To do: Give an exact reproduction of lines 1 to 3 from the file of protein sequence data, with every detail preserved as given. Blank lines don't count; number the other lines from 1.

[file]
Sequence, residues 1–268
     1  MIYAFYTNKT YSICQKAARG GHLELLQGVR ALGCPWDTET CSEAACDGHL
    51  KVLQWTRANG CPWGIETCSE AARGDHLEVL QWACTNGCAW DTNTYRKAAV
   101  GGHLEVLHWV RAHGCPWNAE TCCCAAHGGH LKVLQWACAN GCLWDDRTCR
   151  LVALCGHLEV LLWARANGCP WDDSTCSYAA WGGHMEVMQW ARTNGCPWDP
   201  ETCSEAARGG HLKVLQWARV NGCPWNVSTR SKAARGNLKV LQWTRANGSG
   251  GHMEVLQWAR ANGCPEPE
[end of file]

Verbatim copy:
Sequence, residues 1–268
     1  MIYAFYTNKT YSICQKAARG GHLELLQGVR ALGCPWDTET CSEAACDGHL
    51  KVLQWTRANG CPWGIETCSE AARGDHLEVL QWACTNGCAW DTNTYRKAAV